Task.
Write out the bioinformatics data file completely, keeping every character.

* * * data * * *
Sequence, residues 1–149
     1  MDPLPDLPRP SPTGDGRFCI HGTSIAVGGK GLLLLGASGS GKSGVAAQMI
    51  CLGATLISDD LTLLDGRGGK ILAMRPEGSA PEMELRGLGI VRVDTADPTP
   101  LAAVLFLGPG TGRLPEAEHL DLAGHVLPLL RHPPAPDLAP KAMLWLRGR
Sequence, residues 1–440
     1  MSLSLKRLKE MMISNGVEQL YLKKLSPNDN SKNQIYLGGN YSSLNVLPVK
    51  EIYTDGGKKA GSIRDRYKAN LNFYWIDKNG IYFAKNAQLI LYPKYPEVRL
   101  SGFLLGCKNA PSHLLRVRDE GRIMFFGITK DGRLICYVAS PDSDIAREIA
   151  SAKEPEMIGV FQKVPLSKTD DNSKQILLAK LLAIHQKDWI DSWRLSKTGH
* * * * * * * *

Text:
Sequence, residues 1–149
     1  MDPLPDLPRP SPTGDGRFCI HGTSIAVGGK GLLLLGASGS GKSGVAAQMI
    51  CLGATLISDD LTLLDGRGGK ILAMRPEGSA PEMELRGLGI VRVDTADPTP
   101  LAAVLFLGPG TGRLPEAEHL DLAGHVLPLL RHPPAPDLAP KAMLWLRGR
Sequence, residues 1–440
     1  MSLSLKRLKE MMISNGVEQL YLKKLSPNDN SKNQIYLGGN YSSLNVLPVK
    51  EIYTDGGKKA GSIRDRYKAN LNFYWIDKNG IYFAKNAQLI LYPKYPEVRL
   101  SGFLLGCKNA PSHLLRVRDE GRIMFFGITK DGRLICYVAS PDSDIAREIA
   151  SAKEPEMIGV FQKVPLSKTD DNSKQILLAK LLAIHQKDWI DSWRLSKTGH